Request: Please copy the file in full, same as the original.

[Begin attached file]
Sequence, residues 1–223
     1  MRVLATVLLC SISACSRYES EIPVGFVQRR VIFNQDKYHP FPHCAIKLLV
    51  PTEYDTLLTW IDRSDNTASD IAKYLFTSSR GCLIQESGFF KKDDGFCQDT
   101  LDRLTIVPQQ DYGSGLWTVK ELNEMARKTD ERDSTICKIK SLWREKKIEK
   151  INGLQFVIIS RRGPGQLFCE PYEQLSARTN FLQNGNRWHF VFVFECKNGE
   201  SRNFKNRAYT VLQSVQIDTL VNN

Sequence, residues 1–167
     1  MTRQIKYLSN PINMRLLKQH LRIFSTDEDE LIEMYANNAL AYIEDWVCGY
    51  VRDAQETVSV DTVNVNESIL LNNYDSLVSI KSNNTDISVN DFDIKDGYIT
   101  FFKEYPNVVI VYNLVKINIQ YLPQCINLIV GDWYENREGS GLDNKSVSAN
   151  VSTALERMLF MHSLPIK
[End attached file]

Sequence, residues 1–223
     1  MRVLATVLLC SISACSRYES EIPVGFVQRR VIFNQDKYHP FPHCAIKLLV
    51  PTEYDTLLTW IDRSDNTASD IAKYLFTSSR GCLIQESGFF KKDDGFCQDT
   101  LDRLTIVPQQ DYGSGLWTVK ELNEMARKTD ERDSTICKIK SLWREKKIEK
   151  INGLQFVIIS RRGPGQLFCE PYEQLSARTN FLQNGNRWHF VFVFECKNGE
   201  SRNFKNRAYT VLQSVQIDTL VNN

Sequence, residues 1–167
     1  MTRQIKYLSN PINMRLLKQH LRIFSTDEDE LIEMYANNAL AYIEDWVCGY
    51  VRDAQETVSV DTVNVNESIL LNNYDSLVSI KSNNTDISVN DFDIKDGYIT
   101  FFKEYPNVVI VYNLVKINIQ YLPQCINLIV GDWYENREGS GLDNKSVSAN
   151  VSTALERMLF MHSLPIK